* France to see second-highest level of power consumption
* Massive imports from Germany, Spain to boost French output
* Cold snap to end in second half of the week (Adds detail on imports)
By Geert De Clercq
PARIS, Feb 27 (Reuters) - France will cover expected peak power consumption with massive power imports from Spain, Germany and other countries as frigid temperatures boost electric heating, RTE data showed on Tuesday.
France has Europe’s most temperature-sensitive electricity grid as about a third of French homes are heated with electric radiators and every one degree Celsius drop in outside temperature requires an extra 2,400 megawatt hours in power, equivalent to the power consumption of the city of Paris.
New RTE forecasts show maximum forecast electricity consumption of 95,000 megawatt hours (MW) on Tuesday evening at 1945 Central European Time, which would be the second-highest power consumption level since the 102,100 MW record on Jan 8, 2012.
On Wednesday, peak usage of 94,626 MW is forecast for 0930 CET, but peak consumption will level off in the second half of the week as temperatures rise.
An RTE spokesman said about 9,500 MW of power is available for import during Tuesday evening’s peak, compared to maximum interconnection capacity of about 12,000 MW.
The French transmission grids may not use all that capacity Tuesday evening and are expected to import some 3,500 MW from Germany and Belgium, 2,300 MW from Spain and 1,500 MW from Switzerland during peak usage time, for a total of more than 7,000 MW.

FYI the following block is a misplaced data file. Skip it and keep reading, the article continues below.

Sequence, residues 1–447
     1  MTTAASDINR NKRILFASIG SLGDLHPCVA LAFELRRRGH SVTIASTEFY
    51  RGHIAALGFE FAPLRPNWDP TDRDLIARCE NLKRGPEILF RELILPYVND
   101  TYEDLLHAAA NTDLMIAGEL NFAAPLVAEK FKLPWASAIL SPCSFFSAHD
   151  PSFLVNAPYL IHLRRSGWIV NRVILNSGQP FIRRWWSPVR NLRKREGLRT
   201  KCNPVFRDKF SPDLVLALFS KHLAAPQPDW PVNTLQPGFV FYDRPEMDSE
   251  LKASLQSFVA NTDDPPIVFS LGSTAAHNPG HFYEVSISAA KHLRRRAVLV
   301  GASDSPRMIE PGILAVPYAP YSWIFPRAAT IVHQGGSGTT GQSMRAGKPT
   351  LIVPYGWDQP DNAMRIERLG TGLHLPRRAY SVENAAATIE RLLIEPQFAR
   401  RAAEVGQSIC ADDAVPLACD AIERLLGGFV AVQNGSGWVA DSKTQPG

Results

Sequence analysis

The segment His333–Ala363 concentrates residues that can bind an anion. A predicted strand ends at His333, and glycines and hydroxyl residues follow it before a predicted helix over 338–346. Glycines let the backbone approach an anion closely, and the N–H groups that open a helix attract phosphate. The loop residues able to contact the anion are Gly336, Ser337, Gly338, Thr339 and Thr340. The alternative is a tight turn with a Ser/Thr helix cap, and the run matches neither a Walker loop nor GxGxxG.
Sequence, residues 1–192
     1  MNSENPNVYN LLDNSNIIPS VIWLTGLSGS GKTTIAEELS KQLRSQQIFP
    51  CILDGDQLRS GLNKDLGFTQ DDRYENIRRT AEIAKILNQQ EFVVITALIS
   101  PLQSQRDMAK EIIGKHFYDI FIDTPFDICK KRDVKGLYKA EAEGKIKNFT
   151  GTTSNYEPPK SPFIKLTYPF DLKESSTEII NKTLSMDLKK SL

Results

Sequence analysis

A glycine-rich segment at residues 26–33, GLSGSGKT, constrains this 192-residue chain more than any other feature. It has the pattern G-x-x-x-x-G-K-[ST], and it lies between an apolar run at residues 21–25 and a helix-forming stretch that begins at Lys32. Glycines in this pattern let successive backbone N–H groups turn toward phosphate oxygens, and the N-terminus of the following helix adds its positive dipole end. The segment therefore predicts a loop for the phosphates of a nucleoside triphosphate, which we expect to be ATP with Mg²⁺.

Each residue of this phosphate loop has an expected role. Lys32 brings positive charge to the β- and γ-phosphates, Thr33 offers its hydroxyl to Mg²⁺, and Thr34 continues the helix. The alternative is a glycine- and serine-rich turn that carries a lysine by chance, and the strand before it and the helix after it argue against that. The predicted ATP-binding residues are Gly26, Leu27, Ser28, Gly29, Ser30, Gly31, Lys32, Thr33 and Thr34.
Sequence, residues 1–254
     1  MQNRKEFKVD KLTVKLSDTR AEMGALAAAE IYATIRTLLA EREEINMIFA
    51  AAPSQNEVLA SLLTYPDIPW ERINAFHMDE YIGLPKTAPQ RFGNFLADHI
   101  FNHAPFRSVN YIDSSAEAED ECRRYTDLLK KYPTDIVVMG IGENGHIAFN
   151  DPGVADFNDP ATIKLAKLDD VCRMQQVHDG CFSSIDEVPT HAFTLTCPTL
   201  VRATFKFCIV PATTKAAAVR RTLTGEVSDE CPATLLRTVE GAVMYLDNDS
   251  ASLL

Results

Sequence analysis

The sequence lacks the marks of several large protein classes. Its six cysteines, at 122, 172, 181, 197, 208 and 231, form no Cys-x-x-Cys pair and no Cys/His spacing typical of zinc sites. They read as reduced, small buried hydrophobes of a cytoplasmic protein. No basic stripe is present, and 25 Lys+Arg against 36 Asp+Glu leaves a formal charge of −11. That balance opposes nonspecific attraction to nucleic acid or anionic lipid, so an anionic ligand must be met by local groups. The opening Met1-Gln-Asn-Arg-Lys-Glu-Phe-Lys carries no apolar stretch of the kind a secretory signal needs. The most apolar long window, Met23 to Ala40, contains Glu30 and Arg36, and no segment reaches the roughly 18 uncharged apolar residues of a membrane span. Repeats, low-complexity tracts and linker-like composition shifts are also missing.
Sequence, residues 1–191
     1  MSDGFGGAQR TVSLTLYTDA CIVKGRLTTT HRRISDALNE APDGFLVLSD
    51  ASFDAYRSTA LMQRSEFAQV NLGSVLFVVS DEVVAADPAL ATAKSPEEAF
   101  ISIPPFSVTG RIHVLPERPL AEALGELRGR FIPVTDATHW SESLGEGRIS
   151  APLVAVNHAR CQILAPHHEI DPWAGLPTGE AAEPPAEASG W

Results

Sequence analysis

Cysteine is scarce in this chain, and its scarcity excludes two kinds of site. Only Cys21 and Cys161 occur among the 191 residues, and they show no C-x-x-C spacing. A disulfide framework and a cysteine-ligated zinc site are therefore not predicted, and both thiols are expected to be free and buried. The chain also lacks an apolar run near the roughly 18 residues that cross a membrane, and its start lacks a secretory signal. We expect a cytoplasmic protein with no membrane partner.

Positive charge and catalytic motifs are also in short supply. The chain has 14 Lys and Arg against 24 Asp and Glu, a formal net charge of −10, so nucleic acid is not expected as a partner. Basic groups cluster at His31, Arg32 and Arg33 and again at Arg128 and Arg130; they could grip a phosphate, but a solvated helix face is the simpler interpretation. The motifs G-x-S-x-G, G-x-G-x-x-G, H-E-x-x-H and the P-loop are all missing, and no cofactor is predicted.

France’s highest-ever power import was not Jan. 8, 2012, when the country imported a maximum of 8,260 MW, but 12,119 MW on Dec. 2, 2017, when low availability of utility EDF’s nuclear plants combined with low power prices abroad led RTE to use its interconnection capacity to the fullest.
For Wednesday morning, 9,000 MW of foreign power generation capacity is available for import, an RTE spokesman said.
France currently has power generation capacity of about 90,000 MW available, from nuclear, hydro, thermal and renewable energy power sources.
EDF’s total nuclear capacity is 63,260 MW from 58 nuclear reactors, but because of safety- and maintenance-related outages, nearly 11,000 MW of nuclear capacity is offline.
EDF has postponed the start of maintenance and refueling outages of two reactors, Gravelines 6 and Tricastin 4, by a week to March 3. (Reporting by Geert De Clercq Editing by Laurence Frost and Ken Ferris)